Let it not come into the number of the months, i.e. to be one of those nights which go to the making up of the months.

As for that night,.... The night of conception; Job imprecated evils on the day he was born, now on the night he was conceived in, the returns of it:

let darkness seize upon it; let it not only he deprived of the light of the moon and stars, but let an horrible darkness seize upon it, that it may be an uncommon and a terrible one:

let it not be joined unto the days of the year; the solar year, and make one of them; or, "let it not be one among them" (c), let it come into no account, and when it is sought for, let it not appear, but be found wanting; "or let it not joy" or "rejoice among the days of the year" (d), as Jarchi, Aben Ezra, and others interpret it, or be a joyful one, or anything joyful done or enjoyed in it:

let it not come into the number of the months; meaning not the intercalated months, as Sephorno, nor the feasts of the new moon, as others, but let it not serve to make up a month, which consists of so many days and nights, according to the course of the moon; the sense both of this and the former clause is, let it be struck out of the calendar.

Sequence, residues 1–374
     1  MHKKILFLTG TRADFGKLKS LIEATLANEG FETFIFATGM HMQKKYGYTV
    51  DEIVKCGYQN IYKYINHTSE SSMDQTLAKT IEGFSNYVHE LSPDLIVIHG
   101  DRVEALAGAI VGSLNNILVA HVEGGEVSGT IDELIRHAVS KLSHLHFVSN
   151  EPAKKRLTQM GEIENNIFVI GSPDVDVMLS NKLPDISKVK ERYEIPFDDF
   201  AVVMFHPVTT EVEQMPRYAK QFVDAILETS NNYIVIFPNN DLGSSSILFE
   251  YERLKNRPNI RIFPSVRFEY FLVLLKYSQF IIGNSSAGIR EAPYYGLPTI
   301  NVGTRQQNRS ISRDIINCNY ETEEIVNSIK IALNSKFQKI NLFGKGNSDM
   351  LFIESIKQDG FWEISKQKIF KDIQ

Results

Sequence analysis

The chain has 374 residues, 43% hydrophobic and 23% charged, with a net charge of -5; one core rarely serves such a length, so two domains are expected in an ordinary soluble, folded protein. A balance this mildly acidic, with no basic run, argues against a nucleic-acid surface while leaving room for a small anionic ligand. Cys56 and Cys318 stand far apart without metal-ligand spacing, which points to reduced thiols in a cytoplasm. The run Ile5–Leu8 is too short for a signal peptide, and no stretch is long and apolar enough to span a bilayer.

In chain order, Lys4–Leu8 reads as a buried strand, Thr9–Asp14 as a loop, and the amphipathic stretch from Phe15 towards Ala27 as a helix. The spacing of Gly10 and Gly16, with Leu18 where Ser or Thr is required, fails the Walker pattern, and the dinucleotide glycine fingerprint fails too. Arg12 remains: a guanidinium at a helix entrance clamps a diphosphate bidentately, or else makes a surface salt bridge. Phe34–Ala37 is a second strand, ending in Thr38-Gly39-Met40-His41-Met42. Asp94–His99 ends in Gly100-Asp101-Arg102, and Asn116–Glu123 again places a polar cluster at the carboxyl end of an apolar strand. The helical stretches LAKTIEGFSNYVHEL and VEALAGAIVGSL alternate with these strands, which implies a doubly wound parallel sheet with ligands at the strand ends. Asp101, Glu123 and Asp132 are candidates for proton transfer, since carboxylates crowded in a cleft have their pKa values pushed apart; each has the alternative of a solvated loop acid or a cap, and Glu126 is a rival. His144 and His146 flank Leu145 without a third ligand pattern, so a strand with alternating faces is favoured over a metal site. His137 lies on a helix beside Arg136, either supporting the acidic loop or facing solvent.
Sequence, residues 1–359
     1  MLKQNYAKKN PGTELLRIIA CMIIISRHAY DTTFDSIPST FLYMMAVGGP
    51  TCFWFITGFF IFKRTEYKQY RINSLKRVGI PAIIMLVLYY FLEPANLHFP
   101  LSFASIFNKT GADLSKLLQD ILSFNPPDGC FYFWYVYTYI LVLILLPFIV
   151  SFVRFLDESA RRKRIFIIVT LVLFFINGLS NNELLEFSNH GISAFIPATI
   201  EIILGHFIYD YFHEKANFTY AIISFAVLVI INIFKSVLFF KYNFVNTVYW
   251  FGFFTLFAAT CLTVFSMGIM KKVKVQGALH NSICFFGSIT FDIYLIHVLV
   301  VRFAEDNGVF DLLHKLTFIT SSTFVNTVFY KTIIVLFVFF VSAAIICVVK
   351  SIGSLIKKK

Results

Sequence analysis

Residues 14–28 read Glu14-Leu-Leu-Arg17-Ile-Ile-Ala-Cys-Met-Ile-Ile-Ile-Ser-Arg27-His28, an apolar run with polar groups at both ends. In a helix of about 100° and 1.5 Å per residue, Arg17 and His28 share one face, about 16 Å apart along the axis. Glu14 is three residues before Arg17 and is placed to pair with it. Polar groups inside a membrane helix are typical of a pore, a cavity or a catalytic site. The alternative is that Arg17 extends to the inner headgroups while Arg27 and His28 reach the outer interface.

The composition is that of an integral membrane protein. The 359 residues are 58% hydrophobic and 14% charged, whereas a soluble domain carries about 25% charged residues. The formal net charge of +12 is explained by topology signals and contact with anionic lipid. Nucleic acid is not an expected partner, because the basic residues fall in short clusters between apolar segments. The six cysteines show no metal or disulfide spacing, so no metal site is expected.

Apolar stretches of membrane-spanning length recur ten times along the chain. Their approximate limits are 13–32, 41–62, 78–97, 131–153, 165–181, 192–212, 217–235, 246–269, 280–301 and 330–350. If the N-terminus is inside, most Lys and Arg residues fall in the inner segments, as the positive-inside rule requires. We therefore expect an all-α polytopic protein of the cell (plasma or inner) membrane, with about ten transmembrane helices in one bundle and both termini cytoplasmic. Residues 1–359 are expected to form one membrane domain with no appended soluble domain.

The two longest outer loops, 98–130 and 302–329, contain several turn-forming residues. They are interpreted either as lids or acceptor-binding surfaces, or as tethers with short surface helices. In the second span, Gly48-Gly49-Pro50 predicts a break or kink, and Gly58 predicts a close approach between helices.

(c) "non sit una inter dies", Pagninus; "ne adunatur in diebus", Montanus. (d) "Ne fuisset gavisa", Junius & Tremellius; "ne gaudeat", Vatablus, Beza, Mercerus, Piscator, Drusius, Broughton, Cocceius, Schmidt, Schultens, Michaelis.

As for that night, let darkness seize upon it; let it not be joined unto the days of the year, let it not come into the number of the months.
6. let it not be joined unto] Rather, let it not rejoice among. Let it not enter the joyful troop of days, glad in its existence and its beauty. Another way of spelling the word gives the meaning, let it not be joined unto.

Verse 6. - As for that night. The night, that is, of Job's conception (see above, ver. 3). Let darkness seize upon it. The Revised Version has thick darkness but this is unnecessary. Let it not be joined unto the days of the year. According to the Massorites' pointing, we should translate, "Let it not rejoice among the days of the year;" and so the Revised Version. But many of the best critics prefer the pointing which is followed by the LXX. and by King James's translators. The succeeding clause strongly supports this interpretation. Let it not come into the number of the months (comp. ver. 3, and the comment on it). Job wishes the day of his birth and the night of his conception to be utterly blotted out from the calendar; but, aware that this is impossible, he subsides into a milder class of imprecations. Job 3:6 6 That night! let darkness seize upon it;